People consuming an average of 3.3 servings of cooked pasta a week -- about one-half cup -- could see a 1-pound weight loss if they follow a low-glycemic index diet, according to an analysis of randomized trials. Photo by neciodesalida/pixbay
April 3 (UPI) -- When losing weight, people are often urged to cut the amount of carbohydrates in their diet. But a study has found that eating pasta may not contribute to weight gain or extra body fat.
Researchers at St. Michael's Hospital in Toronto based their findings on a meta-analysis of available evidence from previous randomized controlled trials. Their research was published Tuesday in the journal BMJ Open.
"Much of the attention has focused on sugars, but traditional carbohydrate staples like pasta, rice and breads are increasingly being implicated in the epidemics of overweight and obesity," the researchers wrote in the study.
"Although systematic reviews and meta-analyses of randomized controlled trials of dietary patterns that include these foods but are low in glycemic index, high in whole grains and/or high in dietary fiber have shown advantages for weight-related outcomes, there has been a general lack of recognition of the importance of carbohydrate quality."
The researchers examined 32 randomized controlled trials involving 2,448 participants who ate pasta instead of other carbohydrates in a healthy low-glycemic index diet. The median age of participants was 50, with a body mass index of 30.4. In 21 trials, they included participants who were overweight or obese.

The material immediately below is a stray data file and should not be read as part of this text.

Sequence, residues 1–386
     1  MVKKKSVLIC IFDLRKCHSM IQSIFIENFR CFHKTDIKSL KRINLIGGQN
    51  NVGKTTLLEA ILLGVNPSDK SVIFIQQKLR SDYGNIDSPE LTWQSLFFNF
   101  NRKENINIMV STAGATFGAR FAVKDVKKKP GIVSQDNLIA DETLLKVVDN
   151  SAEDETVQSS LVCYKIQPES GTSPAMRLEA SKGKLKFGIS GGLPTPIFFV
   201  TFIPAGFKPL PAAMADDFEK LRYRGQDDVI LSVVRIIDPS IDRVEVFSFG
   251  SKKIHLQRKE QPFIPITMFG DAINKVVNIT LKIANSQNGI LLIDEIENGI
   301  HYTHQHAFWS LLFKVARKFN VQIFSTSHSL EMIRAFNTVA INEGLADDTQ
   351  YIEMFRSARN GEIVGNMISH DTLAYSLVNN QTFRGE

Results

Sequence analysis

The participants had an average of 3.3 servings of cooked pasta per week -- about one-half cup -- instead of other carbohydrates. Over 12 weeks, they lost about 1 pound. In addition, their body mass index dropped by 0.26 kg.
"The study found that pasta didn't contribute to weight gain or increase in body fat," Dr. John Sievenpiper, a clinician scientist with the hospital's Clinical Nutrition and Risk Modification Center and lead author of the study, said in a press release. "In fact, analysis actually showed a small weight loss. So, contrary to concerns, perhaps pasta can be part of a healthy diet such as a low GI diet."
The researchers cautioned that pasta was consumed along with other low-glycemic index foods.
"In weighing the evidence, we can now say with some confidence that pasta does not have an adverse effect on body weight outcomes when it is consumed as part of a healthy dietary pattern," Sievenpiper said.
Researchers said they would like to see if eating pasta as part of other healthy diets also will lead to weigh loss.